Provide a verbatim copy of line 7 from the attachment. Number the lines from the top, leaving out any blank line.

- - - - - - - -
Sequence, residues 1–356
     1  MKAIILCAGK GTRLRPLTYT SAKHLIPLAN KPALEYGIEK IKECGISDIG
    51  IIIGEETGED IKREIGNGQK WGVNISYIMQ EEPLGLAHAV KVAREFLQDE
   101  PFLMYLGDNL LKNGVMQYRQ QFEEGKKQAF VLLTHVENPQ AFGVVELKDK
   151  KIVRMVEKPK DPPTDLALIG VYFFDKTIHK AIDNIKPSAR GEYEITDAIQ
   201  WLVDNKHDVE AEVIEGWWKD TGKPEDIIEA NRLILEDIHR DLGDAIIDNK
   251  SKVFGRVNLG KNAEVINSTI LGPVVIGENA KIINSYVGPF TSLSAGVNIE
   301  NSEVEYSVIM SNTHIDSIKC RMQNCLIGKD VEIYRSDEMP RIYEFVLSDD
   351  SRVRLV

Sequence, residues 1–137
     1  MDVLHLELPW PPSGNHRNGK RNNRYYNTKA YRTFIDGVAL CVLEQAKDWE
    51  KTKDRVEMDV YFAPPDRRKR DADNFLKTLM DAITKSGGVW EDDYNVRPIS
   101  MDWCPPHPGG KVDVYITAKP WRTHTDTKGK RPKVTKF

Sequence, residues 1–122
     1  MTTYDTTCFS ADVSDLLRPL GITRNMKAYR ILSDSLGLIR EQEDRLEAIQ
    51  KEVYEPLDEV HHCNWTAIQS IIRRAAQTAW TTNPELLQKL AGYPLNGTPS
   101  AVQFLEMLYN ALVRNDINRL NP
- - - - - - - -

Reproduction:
   251  SKVFGRVNLG KNAEVINSTI LGPVVIGENA KIINSYVGPF TSLSAGVNIE